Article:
Three by D.A. Mishani

Three wasn’t quite the “dark psychological thriller with a killer twist” I was anticipating. The blurb and cover suggests a far more suspenseful and possibly subversive tale that the one D. A. Mishani actually delivers. The novel’s tripartite structure didn’t feel particularly original as it has become quite popular in novels that fall under the ‘domestic thriller’ genre (more than once I was reminded of Erin Kelly’s Stone Mothers). The summary available for Three is really inaccurate. Yes, Three follows three women who live in Israel and meet the same man, Gil, who works as an immigration lawyer. One of them is a divorced single-mother, the other one is a Latvian immigrant who works as a caregiver, and the third one is a married woman who is working on her thesis. While the summary truthfully states that Gil “won’t tell them the whole truth about himself”, it is kind of stretching things when it says that these three women won’t “tell him everything either”. And that last bit about this novel being”a declaration of war against the normalisation of death and violence” is ludicrous.

MILD-SPOILERS BELOW

The first woman begins to date Gil even if she isn’t all that enamoured by him. The second one is under the misapprehension that Gil is an okay guy. The third doesn’t seem to want to take things further with him but then is somehow disarmed by Gil’s nonexistent power of persuasion. The three women don’t meet, and their narrative succeed each other chronologically. The first one is saturated by the woman angst-ing over her ex and her son. The second one portrays an immigrant woman as not all that bright and goes for the stereotype of the ‘foreign caregiver steals’. The third one has slightly more momentum than the previous two, as things by then have kind of escalated, but it didn’t offer any surprisings twists or a satisfyingly cathartic denouement.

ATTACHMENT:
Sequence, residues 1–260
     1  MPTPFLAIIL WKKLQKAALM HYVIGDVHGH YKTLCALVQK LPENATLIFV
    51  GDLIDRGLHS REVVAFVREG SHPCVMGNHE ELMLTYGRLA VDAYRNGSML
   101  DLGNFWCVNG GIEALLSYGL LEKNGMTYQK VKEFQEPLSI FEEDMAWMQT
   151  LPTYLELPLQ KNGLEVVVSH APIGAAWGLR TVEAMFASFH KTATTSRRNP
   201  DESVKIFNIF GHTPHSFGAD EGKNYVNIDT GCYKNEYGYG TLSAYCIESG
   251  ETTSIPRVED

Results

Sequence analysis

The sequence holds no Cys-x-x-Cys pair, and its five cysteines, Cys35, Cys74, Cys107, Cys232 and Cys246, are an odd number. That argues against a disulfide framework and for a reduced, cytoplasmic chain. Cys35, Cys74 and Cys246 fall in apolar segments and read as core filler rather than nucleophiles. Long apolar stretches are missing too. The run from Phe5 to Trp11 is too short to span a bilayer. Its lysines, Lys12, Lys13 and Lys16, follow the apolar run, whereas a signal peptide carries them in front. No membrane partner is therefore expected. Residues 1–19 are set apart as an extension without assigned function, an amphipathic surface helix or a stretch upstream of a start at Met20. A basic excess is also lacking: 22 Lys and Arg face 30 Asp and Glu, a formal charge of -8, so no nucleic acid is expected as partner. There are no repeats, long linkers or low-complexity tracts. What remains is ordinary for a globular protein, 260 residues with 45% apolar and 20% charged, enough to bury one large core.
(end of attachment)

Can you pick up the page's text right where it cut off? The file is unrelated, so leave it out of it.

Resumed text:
Two of the women are painfully naive, prone to hysterics and self-pitying. Gil was portrayed in a vaguely ambiguous manner, but mostly he remains off-page and maybe that’s why I didn’t find his character to be credible.
I could have put up with the novel’s many clichés if it hadn’t been for the author’s writing style: all telling, no showing. There are very few dialogues, and most of the conversations are simply recounted to us. This passive re-telling of what the characters said to each other did little to add immediacy to the story. The third-perspective merely described what the characters do without ever delving under their surface, which had the effect of making these three women rather one-dimensional.
Although I wouldn’t necessarily recommend this novel—especially to those who were intrigued by this novel’s misleading summary—I’m sure that there will be readers who find this kind of storytelling to be entertaining.

My rating: 2 of 5 stars
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You Exist Too Much by Zaina Arafat — book review

“It is a bizarre and unsettling feeling, to exist in a liminal state between two realms, unable to attain full access to one or the other.”